My Classic Who and Big Finish lookbacks are pretty far advanced compared to what's been published – I've actually got about eleven already to go - but they're going on hiatus while we have all new Who to worry about. If there's any two parters then I'll wait until they're finished and do them in a oner. When I look at a Classic story I do the whole thing at once, so it's only fair New Who gets the same treatment. So on those one or two occasions during the new series you might get a Classic Who article instead.
Well, except for Cyberman 2. I'll put that out Friday. My Maths went wrong.
Now Capaldi is not new to Who, having played a part in both Tennant-era Fires of Pompeii and Torchwood's Children of Earth. For the purists this never stood well. For the record I'm not one of them. I can take that at the end of the day this is a TV program and occasionally actors appear as different characters through its long life. However, Russell T Davies promised us there was an explanation. Just one he never got round to before he left.
When Capaldi was cast, those cries of continuity started up again, and Moffat assured us that he'd spoken to RTD and the plan was still in place. But any revelations I thought would be slow. Not so. “It's like I'm trying to tell myself something” straight out of the gate. The Doctor does that post-regeneration mirror check and we immediately have the first address of the face mystery.
This leads to a brilliant moment when the Doctor says to the Half-Face Man that he bets the robot don’t even recognise his own face anymore, and holds up a reflective silver tray. Right then, as the bad guy reflects that he doesn’t, we also get a shot of the Doctor doing a similar thing. Only he does recognise it, just not as his own. Peter Capaldi is selling a hell of a lot in just this first episode.
Speaking of the Half-Face Man. He's a fantastic choice of villain in a regeneration story, especially this particular one, simply because of the organ harvesting mirroring the Doctor's own face issue. There's obvious Jack the Ripper overtones as well, which probably led to the choice of Victorian London, which is nice step away for a modern day Regeneration for New Who. Moffat also seems to go out of his way to address the plot, even Clara and the Doctor commenting on “it’s Sweeney Todd without the pies” and “Burke and Hare in space”.
As for the rest of the robots that came with him, I immediately connected the clockwork bad guys to “The Girl in the Fireplace”, some of Moffat’s classic bad guys that you’d struggle to revisit because that situation was very singular. Except here he manages it by having there be a sister ship. They never quite hit the level of their renaissance cousins, but go for a slightly more human evil. Combined with a knowing nod from the Doctor - “This rings a bell” - and it works well enough. Crucially, Clara holding her breath is a fantastic sequence, and Jenna Coleman gives one of her best performances ever, possibly rivalling “Asylum of the Daleks”.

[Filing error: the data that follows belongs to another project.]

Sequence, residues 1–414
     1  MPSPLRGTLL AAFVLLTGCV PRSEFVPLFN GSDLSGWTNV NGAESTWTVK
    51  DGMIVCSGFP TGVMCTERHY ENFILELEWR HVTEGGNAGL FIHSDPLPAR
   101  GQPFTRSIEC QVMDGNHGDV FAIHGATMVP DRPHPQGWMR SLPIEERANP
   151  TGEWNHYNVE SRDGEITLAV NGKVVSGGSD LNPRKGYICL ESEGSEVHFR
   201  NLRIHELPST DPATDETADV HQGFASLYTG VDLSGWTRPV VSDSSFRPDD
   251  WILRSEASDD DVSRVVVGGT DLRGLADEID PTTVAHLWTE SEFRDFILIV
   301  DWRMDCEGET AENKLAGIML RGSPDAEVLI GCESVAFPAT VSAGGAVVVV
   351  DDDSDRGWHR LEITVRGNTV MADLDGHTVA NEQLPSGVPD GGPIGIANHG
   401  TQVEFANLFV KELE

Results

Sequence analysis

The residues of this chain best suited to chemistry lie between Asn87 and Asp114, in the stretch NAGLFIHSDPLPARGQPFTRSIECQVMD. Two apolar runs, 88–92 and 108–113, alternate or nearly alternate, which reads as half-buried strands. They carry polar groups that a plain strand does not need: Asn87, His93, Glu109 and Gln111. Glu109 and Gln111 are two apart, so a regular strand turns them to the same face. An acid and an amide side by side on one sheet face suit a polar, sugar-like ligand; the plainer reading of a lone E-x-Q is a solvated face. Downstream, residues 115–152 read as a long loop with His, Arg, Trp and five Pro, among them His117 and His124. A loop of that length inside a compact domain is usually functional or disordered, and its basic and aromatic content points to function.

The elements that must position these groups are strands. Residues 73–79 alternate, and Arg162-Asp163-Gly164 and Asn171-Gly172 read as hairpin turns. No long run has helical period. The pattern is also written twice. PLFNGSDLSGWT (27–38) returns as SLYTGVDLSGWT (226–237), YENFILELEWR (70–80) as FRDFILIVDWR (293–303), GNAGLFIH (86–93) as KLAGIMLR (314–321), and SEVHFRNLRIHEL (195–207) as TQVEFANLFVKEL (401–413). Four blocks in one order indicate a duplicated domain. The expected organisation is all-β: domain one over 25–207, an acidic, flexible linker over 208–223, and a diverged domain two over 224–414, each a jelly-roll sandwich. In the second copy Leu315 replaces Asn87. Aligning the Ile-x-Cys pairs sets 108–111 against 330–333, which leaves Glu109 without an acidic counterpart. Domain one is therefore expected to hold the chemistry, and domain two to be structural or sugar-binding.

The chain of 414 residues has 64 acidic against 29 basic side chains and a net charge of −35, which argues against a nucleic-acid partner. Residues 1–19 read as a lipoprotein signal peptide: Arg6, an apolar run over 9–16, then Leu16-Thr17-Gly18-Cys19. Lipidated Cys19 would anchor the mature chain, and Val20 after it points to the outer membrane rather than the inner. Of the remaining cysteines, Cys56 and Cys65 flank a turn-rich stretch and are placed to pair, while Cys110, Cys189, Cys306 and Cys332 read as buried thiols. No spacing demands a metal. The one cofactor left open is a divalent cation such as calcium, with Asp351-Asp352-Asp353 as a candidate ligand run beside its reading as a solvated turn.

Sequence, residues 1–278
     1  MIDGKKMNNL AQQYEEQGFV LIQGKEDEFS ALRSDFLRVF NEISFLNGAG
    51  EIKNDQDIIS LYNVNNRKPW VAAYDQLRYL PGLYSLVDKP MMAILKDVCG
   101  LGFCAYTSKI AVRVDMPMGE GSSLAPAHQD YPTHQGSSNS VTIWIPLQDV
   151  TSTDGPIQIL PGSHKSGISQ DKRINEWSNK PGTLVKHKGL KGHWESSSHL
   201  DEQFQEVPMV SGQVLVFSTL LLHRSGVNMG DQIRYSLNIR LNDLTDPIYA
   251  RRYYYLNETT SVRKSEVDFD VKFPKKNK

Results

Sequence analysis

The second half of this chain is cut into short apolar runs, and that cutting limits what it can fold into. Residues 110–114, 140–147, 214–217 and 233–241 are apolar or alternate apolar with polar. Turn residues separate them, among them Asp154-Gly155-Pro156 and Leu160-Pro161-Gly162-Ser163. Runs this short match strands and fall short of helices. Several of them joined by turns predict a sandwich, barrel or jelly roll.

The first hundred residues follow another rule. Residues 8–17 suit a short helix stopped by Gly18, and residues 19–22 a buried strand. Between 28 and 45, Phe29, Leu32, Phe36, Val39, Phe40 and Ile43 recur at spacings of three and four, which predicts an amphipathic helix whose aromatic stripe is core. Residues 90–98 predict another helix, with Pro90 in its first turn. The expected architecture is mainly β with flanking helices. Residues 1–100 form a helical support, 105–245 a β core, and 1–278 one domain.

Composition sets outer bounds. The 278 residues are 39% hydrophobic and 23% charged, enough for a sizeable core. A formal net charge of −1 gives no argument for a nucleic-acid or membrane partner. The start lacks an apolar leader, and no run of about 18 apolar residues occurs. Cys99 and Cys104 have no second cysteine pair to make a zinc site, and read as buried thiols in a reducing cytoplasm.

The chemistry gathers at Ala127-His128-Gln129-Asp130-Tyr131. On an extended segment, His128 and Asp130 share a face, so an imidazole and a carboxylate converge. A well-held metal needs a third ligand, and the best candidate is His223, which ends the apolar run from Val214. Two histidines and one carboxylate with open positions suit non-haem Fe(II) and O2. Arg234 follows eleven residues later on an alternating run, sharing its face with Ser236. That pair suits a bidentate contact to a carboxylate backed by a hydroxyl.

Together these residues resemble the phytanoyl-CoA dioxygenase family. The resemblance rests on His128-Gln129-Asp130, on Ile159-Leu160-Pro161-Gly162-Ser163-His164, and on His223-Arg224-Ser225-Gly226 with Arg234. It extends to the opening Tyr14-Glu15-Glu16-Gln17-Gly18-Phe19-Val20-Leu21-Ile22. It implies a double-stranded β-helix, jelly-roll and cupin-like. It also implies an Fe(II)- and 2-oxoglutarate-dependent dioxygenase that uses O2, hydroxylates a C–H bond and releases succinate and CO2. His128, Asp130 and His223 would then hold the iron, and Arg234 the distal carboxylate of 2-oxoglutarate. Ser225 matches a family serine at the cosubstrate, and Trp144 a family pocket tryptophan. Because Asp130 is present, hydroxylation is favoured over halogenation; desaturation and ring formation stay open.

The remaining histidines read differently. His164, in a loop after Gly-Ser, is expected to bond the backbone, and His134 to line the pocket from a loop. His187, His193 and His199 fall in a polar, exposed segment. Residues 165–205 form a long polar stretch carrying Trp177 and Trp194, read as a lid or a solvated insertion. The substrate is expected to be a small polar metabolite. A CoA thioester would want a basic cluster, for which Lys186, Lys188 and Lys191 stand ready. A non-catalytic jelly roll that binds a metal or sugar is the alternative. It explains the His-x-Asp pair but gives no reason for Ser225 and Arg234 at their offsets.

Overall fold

The Victorian setting also brings back the Paternoster group, which is never a bad thing, and I think Jenny finally got a decent showing. Up to now she’s been a cute kick-ass lesbian sidekick, but with Deep Breath she gets some seriously good characterisation, and she's now possibly my favourite of the trio. Oh, and Clara having an argument with Madam Vastra was another great Coleman moment, that even Jenny appreciates.
But we're not finished with the Doctor yet. Thanks to the ending we get the distinct impression that the Doctor isn't as sure of himself. He opens up to Clara asking her to stay and admitting that Eleven thought of himself as her boyfriend. Then the genius line of her boyfriend calling as Eleven literally calls her from the past. It's a hell of a cameo, not just for Matt Smith's face, but for what's said. Eleven admits that Twelve is going to be very scared. Twelve even admits that he needs Clara right now.
Considering how much Moffat and Davies made of Nine, Ten and Eleven bouncing back from the Time War, now he’s come to grips with what he did, or rather the revelation what he didn’t do, where does this leave Twelve? A return to an old man is a significant one. If anything that might be the big mystery of Season 8. Though we get another big one in the closing minutes.
Not just the reveal at the end, as the Half-Face Man is alive again in a lovely garden with a strange woman who seems stalkerishly in love with the Doctor. The question did the Doctor push the Half-Face Man or did he jump is even put into the script – another Moffat nod to the work, just in case you missed it.
But what struck me more was the brilliant exchange as Clara and the Doctor realise someone is playing them. Not just the ad placed in the newspaper that brought them back together at the Robot's restaurant, but also who gave Clara the phone number to the TARDIS all the way back at “The Bells of Saint John”. Obviously you can't help but think that it's the woman in the garden that might be responsible for keeping Clara and the Doctor together. But another part of me makes me think that's too obvious.
And there's still so much more. Clara's struggle to get over Eleven is given visual fidelity with her shirt covered in bowties. The scene with Capaldi in the alleyway with a tramp realising his Scottishness and his face, both its familiarity but its furiousness and 'angry' eyebrows.
All told, it was a fantastic start to a new era. And I can't wait for next week, where we're already dealing with the Daleks again.